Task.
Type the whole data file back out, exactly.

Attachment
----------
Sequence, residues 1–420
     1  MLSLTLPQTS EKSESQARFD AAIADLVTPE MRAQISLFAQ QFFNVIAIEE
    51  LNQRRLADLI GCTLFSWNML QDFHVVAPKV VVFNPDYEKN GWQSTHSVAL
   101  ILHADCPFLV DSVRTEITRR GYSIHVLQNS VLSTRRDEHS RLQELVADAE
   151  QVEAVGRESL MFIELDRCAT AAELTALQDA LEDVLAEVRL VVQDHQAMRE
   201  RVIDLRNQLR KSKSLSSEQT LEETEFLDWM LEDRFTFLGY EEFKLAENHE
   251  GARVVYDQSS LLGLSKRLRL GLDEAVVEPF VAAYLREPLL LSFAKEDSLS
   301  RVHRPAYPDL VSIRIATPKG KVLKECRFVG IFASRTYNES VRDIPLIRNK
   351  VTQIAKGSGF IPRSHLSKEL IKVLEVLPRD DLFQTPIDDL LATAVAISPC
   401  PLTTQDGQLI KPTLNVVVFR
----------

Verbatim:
Sequence, residues 1–420
     1  MLSLTLPQTS EKSESQARFD AAIADLVTPE MRAQISLFAQ QFFNVIAIEE
    51  LNQRRLADLI GCTLFSWNML QDFHVVAPKV VVFNPDYEKN GWQSTHSVAL
   101  ILHADCPFLV DSVRTEITRR GYSIHVLQNS VLSTRRDEHS RLQELVADAE
   151  QVEAVGRESL MFIELDRCAT AAELTALQDA LEDVLAEVRL VVQDHQAMRE
   201  RVIDLRNQLR KSKSLSSEQT LEETEFLDWM LEDRFTFLGY EEFKLAENHE
   251  GARVVYDQSS LLGLSKRLRL GLDEAVVEPF VAAYLREPLL LSFAKEDSLS
   301  RVHRPAYPDL VSIRIATPKG KVLKECRFVG IFASRTYNES VRDIPLIRNK
   351  VTQIAKGSGF IPRSHLSKEL IKVLEVLPRD DLFQTPIDDL LATAVAISPC
   401  PLTTQDGQLI KPTLNVVVFR